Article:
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Controlled orientation and covalent attachment of proteins on biosensor surfaces by Chelation Assisted Photoimmobilization
Linköping University, Department of Physics, Chemistry and Biology, Sensor Science and Molecular Physics. Linköping University, The Institute of Technology.
Linköping University, Department of Physics, Chemistry and Biology, Chemistry. Linköping University, The Institute of Technology.
Linköping University, Department of Physics, Chemistry and Biology, Applied Physics. Linköping University, The Institute of Technology.
Linköping University, Department of Physics, Chemistry and Biology, Chemistry. Linköping University, The Institute of Technology.
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2013 (English)Conference paper, Oral presentation with published abstract (Other academic)
Abstract [en]

In the context of surface chemistry for affinity biosensor chips, it is widely accepted that uniform orientation of the immobilized recognition element (ligand) is preferred over random orientation. However, this assumption has often been based on studies where differences in ligand immobilization level have not been taken into account. In this contribution, we present a novel two-step method for homogenous orientation and covalent attachment of proteins to sensing surfaces, called Chelation Assisted Photoimmobilization (CAP). Careful quantification of the effect of ligand orientation on analyte responses was performed by comparing this strategy to immobilization by conventional amine coupling.

 In CAP, the chelation agent is nitrilotriacetic acid (NTA) which chelates Ni2+. A His-tagged ligand forms an oriented assembly when binding Ni2+-NTA and is then covalently bound to the surface via photolabile benzophenone (BP), which attacks C-H bonds upon UV light activation. We relied on a surface chemistry based on self-assembled monolayers (SAMs) of oligo(ethylene glycol) (OEG)-containing alkanethiolates on gold. Alkanethiols terminated with either NTA, BP or OEG were synthesized and mixed SAMs were characterized by infrared reflection absorption spectroscopy (IRAS), ellipsometry and contact angle goniometry. IRAS was also used to quantify ligand immobilization levels obtained either by CAP or by amine coupling via the carboxyl groups of an NTA-presenting surface. The model ligand was human IgG-Fc modified with a C-terminal 6xHis-tag and the analyte was Protein A. The ligand-analyte interaction was quantified by a surface plasmon resonance biosensor.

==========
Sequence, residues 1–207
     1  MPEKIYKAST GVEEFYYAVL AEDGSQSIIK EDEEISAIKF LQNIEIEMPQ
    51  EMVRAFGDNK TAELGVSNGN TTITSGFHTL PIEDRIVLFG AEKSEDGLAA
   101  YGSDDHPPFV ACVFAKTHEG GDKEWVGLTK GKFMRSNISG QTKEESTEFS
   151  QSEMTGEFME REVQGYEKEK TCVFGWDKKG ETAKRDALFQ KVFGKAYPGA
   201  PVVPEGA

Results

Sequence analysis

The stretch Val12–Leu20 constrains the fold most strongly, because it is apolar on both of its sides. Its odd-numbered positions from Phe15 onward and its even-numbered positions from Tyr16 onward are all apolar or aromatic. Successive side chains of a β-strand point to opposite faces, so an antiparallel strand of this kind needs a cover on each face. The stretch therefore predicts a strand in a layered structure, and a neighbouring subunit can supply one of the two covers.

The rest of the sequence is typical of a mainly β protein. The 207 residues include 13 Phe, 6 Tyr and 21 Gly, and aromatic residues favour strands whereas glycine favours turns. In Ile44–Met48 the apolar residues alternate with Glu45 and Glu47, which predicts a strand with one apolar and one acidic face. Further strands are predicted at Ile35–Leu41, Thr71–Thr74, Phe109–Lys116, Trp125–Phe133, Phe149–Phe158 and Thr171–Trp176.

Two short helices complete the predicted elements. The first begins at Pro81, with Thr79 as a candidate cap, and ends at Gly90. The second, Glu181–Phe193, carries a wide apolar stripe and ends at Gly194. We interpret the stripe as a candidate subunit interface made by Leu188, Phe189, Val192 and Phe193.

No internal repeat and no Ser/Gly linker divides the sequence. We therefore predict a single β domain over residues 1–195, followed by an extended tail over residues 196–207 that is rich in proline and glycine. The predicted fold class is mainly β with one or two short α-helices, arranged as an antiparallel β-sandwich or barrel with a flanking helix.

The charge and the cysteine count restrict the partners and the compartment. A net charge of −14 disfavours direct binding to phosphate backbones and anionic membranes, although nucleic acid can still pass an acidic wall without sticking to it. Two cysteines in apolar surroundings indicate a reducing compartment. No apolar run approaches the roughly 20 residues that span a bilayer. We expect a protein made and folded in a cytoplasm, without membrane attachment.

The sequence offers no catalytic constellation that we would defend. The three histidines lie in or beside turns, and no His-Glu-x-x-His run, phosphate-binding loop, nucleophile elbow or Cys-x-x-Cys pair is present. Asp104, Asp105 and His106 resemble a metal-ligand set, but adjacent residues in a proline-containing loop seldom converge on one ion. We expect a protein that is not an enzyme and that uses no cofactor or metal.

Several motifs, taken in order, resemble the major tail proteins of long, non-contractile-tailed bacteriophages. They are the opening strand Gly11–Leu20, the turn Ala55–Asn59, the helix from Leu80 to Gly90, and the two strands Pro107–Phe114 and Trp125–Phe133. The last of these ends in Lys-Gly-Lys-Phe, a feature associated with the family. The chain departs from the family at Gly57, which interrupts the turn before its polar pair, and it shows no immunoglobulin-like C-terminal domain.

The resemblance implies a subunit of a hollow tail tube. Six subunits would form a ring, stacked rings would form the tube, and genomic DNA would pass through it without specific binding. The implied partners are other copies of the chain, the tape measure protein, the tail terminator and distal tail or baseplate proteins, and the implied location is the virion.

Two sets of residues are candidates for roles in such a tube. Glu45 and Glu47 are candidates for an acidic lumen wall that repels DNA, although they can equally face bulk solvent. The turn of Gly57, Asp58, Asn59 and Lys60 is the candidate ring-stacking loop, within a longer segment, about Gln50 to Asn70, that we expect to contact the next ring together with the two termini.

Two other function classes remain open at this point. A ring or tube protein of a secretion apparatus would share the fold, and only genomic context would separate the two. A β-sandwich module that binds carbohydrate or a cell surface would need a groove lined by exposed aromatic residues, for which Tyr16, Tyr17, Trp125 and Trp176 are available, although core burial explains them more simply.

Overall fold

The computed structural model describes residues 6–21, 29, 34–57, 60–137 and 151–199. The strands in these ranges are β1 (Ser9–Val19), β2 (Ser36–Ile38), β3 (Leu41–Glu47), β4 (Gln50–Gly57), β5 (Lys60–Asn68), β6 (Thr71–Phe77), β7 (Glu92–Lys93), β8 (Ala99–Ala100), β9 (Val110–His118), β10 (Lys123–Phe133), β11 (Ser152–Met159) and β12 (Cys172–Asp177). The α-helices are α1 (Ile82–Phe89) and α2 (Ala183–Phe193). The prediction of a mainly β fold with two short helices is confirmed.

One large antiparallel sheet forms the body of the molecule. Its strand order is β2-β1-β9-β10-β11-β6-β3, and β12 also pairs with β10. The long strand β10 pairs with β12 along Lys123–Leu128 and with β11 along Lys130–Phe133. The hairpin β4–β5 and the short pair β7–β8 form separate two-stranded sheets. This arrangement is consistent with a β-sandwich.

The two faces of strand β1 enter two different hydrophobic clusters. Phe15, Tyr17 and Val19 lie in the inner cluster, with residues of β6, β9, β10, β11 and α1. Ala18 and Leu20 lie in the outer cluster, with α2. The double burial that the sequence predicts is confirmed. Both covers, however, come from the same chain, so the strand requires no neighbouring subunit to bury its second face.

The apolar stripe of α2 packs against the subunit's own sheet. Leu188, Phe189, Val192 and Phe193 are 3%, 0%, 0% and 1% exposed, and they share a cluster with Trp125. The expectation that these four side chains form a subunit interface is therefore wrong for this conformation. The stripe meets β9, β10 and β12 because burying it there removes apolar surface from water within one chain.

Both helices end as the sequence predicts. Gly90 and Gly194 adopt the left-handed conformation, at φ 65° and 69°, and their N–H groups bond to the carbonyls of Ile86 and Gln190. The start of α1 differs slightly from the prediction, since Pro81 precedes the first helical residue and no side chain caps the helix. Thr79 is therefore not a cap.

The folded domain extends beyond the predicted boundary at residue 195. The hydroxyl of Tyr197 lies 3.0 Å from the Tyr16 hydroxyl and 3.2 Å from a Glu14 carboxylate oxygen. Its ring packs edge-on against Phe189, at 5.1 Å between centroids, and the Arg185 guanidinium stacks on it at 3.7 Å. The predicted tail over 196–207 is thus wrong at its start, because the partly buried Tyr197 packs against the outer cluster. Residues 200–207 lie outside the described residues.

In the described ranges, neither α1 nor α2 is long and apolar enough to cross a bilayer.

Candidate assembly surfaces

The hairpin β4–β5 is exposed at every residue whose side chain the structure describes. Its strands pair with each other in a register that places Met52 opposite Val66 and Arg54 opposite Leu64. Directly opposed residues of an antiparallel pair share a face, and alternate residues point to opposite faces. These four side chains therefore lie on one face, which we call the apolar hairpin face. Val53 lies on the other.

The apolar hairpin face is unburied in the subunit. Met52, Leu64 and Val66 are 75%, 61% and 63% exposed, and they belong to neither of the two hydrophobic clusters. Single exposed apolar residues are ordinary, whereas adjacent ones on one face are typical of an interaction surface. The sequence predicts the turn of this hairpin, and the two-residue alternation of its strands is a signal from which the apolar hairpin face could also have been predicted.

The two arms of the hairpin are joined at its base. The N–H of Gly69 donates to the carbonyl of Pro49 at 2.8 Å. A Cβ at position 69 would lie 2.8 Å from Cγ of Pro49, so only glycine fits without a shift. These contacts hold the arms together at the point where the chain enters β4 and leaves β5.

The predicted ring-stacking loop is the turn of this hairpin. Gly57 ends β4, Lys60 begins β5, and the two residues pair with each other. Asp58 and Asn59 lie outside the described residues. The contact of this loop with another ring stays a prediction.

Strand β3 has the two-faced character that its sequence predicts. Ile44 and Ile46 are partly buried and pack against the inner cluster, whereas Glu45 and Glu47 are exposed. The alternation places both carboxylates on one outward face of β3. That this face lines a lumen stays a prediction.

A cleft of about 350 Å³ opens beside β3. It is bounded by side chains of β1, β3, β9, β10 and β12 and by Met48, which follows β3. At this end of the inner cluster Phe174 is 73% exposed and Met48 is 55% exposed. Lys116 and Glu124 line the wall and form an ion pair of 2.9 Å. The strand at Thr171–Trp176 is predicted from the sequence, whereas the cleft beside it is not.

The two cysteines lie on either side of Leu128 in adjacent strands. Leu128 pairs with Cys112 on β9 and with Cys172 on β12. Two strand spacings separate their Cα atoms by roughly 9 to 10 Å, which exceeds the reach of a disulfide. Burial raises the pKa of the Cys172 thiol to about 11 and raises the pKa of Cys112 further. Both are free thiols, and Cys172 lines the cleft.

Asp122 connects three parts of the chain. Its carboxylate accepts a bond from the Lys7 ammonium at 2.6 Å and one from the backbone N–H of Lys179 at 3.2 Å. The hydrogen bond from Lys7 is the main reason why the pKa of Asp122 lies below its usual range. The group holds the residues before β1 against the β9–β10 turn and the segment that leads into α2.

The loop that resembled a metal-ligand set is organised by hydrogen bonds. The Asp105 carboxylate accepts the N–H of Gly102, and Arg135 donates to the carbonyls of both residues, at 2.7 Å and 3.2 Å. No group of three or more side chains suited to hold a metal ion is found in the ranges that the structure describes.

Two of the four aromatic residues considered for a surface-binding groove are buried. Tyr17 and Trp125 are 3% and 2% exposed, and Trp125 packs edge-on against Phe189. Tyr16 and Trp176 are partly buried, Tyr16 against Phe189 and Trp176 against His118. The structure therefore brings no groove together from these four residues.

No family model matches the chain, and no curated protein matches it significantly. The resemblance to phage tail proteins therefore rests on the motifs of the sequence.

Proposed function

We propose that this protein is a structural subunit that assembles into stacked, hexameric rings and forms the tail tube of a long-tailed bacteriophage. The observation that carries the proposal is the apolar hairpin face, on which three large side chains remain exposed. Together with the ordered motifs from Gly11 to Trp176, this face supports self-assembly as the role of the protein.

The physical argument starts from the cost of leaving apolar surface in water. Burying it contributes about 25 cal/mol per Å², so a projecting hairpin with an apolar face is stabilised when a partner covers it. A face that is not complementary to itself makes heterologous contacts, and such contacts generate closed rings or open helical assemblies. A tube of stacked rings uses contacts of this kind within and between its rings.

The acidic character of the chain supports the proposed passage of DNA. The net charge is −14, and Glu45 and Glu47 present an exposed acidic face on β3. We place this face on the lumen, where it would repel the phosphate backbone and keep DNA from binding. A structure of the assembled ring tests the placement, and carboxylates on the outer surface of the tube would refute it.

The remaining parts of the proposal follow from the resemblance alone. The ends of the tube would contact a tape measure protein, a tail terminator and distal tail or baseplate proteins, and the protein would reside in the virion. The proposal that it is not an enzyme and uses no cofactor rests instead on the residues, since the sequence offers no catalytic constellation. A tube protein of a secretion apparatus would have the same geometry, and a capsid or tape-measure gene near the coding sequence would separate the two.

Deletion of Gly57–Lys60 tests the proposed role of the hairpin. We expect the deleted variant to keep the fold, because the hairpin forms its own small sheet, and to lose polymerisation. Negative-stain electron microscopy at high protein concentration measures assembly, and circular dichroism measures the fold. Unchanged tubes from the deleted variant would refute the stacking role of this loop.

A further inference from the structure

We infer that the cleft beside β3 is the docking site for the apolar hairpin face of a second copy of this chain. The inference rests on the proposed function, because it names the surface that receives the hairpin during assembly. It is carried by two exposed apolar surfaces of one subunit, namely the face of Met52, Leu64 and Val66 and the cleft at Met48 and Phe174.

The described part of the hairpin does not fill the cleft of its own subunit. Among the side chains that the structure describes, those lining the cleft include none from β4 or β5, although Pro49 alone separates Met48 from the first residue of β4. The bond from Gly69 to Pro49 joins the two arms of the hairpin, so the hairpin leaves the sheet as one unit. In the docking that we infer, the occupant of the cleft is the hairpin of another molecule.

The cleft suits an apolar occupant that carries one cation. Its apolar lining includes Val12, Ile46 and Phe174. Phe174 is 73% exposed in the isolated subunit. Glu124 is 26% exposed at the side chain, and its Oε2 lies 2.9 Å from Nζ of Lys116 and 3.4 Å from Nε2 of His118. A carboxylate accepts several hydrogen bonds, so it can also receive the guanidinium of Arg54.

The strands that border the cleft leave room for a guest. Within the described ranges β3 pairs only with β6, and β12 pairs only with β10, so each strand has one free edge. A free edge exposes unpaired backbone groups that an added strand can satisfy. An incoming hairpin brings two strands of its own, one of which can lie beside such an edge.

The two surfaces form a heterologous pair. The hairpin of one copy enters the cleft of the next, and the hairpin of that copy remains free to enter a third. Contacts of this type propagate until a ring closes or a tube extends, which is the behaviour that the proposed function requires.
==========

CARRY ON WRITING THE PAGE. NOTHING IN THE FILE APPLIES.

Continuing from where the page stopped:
Analyte responses were normalized with respect to the ligand amounts obtained by the two immobilization strategies. Interestingly, the normalized analyte response with randomly oriented ligand was >2 times higher than that with ligand immobilized by CAP. This shows that oriented ligand immobilization is not necessarily a means of increasing the sensitivity of a biosensor. Factors that may influence performance include the valency of the ligand and constraints related to the surface chemistry used for orientation.

Place, publisher, year, edition, pages
2013.
National Category
Engineering and Technology
Identifiers
URN: urn:nbn:se:liu:diva-108207OAI: oai:DiVA.org:liu-108207DiVA: diva2:729536
Conference
3rd International Conference in Bio-Sensing Technology, 12-15 May 2013, Sitges, Spain
Available from: 2014-06-26 Created: 2014-06-26 Last updated: 2014-08-21

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Ericsson, Emma MBui, LanLundström, IngemarKonradsson, PeterLiedberg, BoEnander, Karin

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Ericsson, Emma MBui, LanLundström, IngemarKonradsson, PeterLiedberg, BoEnander, Karin
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